I was an angry, depressed teenage kid.
When it got really bad, I punched holes in my parents’ walls (sorry, Mom and Dad!). I would hit my head against the wall until I felt numb. Other times, I would sprint down their driveway as fast as I could until I melted onto the pavement in a pile of tears and exhaustion.
As I’m sure is true with many people who are hard-wired for depression and anxiety, there were many times in my life where I just had no desire to keep going. I didn’t see the point. I didn’t have enough in my life that I actually cared about (other than getting the hell out of the small town I grew up in as fast as humanly possible), and I didn’t see a lot of hope for the future.
During those angry episodes, I was like a blazing fireball of manic energy with nowhere to put it. When it got really bad, I felt like another force took control over my emotions and I just wanted to disappear into the pain of life.
Years later, I found the only thing that seemed to help: exercise.
Although I played team sports growing up, they were never really my thing, and weren’t the outlet I needed as an angsty, lost kid. I just didn’t care enough and was never invested in the outcome. At the end of my junior year, I quit high school altogether for the seeming oasis of photography school in sunny Southern California, and quickly adopted the attitude that I just wasn’t inherently athletic, so I might as well not do anything that required moving my body.
At my first real job at Starbucks I was probably getting less than 1,000 steps a day and taking full advantage of all the free pastries and sugary drinks. That total lack of movement and poor eating habits made the freshman fifteen more like 15-20.
Unsurprisingly, photography school didn’t turn out to be the magic Disney-style happy ending that I’d hoped for, and I was still lost and depressed. Five colleges and countless changes in my life’s direction later, I finally got sick of feeling bloated, lethargic, and constantly catching glimpses of my muffin top in the mirror.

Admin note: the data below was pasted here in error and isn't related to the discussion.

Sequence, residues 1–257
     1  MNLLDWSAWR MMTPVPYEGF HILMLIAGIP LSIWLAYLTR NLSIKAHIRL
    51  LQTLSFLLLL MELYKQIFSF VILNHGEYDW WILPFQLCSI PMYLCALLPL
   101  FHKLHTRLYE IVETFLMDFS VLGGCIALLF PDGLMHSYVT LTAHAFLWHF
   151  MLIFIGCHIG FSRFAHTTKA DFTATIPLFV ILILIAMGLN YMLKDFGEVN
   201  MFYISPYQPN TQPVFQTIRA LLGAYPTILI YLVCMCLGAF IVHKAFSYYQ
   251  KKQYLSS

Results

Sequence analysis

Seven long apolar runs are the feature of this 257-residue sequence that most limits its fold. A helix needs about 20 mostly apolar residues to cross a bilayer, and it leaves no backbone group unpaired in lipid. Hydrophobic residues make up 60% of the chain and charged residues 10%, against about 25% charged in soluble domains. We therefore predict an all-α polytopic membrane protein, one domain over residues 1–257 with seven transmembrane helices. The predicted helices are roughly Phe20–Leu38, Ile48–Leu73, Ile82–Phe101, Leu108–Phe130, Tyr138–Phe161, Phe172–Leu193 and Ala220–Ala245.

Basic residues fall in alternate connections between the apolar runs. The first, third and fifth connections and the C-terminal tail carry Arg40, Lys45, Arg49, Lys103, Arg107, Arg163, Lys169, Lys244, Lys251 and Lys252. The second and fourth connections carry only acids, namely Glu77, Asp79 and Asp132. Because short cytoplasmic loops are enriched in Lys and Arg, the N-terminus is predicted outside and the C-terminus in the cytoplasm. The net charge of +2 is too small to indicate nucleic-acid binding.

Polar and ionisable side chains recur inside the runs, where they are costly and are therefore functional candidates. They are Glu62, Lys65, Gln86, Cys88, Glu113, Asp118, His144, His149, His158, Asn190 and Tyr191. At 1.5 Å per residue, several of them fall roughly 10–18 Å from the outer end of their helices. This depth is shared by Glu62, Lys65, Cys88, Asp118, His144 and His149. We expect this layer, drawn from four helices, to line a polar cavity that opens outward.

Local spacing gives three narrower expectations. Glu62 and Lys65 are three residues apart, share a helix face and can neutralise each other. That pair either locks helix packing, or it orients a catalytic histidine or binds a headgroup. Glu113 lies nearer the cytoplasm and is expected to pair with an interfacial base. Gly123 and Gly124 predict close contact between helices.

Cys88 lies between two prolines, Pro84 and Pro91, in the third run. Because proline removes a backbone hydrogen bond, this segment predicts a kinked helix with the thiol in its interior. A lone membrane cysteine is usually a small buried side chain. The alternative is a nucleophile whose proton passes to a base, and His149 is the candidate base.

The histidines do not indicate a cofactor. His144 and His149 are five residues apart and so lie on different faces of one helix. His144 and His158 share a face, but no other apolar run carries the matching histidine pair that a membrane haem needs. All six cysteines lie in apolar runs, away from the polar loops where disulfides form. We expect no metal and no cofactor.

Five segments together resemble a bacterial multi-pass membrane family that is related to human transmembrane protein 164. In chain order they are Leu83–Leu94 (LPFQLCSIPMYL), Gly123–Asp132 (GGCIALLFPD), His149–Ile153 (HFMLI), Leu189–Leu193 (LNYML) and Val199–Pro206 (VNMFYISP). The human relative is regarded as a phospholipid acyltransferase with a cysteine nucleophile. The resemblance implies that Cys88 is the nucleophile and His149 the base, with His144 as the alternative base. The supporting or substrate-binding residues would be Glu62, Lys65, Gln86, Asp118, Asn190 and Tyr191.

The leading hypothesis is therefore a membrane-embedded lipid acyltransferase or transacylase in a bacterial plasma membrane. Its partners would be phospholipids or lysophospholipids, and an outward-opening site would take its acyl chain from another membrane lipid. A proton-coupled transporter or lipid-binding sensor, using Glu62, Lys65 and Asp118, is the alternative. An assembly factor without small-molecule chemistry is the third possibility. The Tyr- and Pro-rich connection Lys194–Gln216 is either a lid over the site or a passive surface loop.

As many people do, I started working out strictly for appearance reasons—basically, I hated how I looked with or without clothes on. I joined a fancy gym and headed straight to the elliptical machine, rewarding myself with a 20 ounce sugar-laden Jamba Juice afterwards. I could never make any progress, and I had no idea why.
It took me years of experimenting to find my thing, and eventually I stumbled upon high intensity interval training (HIIT) and bodyweight workouts, which were about a thousand times more fun and interesting to me than running (which to this day I absolutely hate) and the elliptical machine (which I still equate to pure torture).
HIIT helped me finally lose my muffin top and build real physical strength, which I will be eternally grateful for. I never want to feel physically weak again, if I can help it.
But even more than physical strength, I discovered a deeper side effect of fitness: the mental benefits of exercise.
When I exercise, I feel better, period.
There are many scientific reasons for this. Exercise releases endorphins, which are “happy chemicals” that make you happier and less stressed. But even though science can explain it, it’s still pretty magical to experience. For me, discovering a joy in movement was really the point when my life began.
At the most basic level, the endorphins from exercise helped me feel better the day of my actual workout. As most people who exercise discover, even if you go into a workout feeling crappy and exhausted, nine times out of ten you actually leave the workout feeling happier and more energized than when you started.